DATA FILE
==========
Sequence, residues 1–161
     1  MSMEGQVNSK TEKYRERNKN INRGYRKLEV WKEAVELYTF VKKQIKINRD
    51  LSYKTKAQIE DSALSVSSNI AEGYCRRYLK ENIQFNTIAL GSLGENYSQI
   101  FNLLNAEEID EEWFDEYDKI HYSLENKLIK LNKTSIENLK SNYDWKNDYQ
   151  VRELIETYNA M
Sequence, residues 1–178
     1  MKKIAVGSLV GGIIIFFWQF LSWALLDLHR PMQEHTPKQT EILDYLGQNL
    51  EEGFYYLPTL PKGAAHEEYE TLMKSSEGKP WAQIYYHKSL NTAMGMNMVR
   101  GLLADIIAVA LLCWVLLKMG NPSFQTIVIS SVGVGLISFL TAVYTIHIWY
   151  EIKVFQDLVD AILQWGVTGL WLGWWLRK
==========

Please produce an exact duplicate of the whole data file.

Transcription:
Sequence, residues 1–161
     1  MSMEGQVNSK TEKYRERNKN INRGYRKLEV WKEAVELYTF VKKQIKINRD
    51  LSYKTKAQIE DSALSVSSNI AEGYCRRYLK ENIQFNTIAL GSLGENYSQI
   101  FNLLNAEEID EEWFDEYDKI HYSLENKLIK LNKTSIENLK SNYDWKNDYQ
   151  VRELIETYNA M
Sequence, residues 1–178
     1  MKKIAVGSLV GGIIIFFWQF LSWALLDLHR PMQEHTPKQT EILDYLGQNL
    51  EEGFYYLPTL PKGAAHEEYE TLMKSSEGKP WAQIYYHKSL NTAMGMNMVR
   101  GLLADIIAVA LLCWVLLKMG NPSFQTIVIS SVGVGLISFL TAVYTIHIWY
   151  EIKVFQDLVD AILQWGVTGL WLGWWLRK